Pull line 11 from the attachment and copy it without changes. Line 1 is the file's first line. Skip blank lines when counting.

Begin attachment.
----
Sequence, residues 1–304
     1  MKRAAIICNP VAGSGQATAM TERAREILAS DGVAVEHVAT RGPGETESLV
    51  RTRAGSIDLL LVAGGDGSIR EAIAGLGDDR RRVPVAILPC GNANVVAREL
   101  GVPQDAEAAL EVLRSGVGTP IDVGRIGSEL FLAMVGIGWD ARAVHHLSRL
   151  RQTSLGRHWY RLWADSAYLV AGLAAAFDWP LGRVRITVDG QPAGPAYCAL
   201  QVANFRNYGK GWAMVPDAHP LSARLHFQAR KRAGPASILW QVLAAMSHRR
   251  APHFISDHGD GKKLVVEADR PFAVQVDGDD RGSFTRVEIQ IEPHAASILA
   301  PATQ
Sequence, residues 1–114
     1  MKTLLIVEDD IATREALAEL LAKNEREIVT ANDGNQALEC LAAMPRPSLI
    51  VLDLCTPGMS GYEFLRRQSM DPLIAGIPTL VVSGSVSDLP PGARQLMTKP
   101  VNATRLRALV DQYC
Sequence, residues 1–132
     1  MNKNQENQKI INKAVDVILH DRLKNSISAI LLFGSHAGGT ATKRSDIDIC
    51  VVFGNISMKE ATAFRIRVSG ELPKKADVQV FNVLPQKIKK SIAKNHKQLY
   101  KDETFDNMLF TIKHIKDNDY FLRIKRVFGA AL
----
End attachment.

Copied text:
    51  VLDLCTPGMS GYEFLRRQSM DPLIAGIPTL VVSGSVSDLP PGARQLMTKP